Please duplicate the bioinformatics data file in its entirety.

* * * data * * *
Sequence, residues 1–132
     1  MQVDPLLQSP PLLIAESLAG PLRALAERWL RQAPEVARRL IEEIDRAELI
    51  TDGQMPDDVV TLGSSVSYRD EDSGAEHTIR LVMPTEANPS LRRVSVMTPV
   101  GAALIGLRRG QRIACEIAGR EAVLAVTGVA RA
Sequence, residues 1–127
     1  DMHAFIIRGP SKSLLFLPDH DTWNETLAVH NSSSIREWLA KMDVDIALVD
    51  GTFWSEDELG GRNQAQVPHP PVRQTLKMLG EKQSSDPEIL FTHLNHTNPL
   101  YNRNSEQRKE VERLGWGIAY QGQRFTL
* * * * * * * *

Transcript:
Sequence, residues 1–132
     1  MQVDPLLQSP PLLIAESLAG PLRALAERWL RQAPEVARRL IEEIDRAELI
    51  TDGQMPDDVV TLGSSVSYRD EDSGAEHTIR LVMPTEANPS LRRVSVMTPV
   101  GAALIGLRRG QRIACEIAGR EAVLAVTGVA RA
Sequence, residues 1–127
     1  DMHAFIIRGP SKSLLFLPDH DTWNETLAVH NSSSIREWLA KMDVDIALVD
    51  GTFWSEDELG GRNQAQVPHP PVRQTLKMLG EKQSSDPEIL FTHLNHTNPL
   101  YNRNSEQRKE VERLGWGIAY QGQRFTL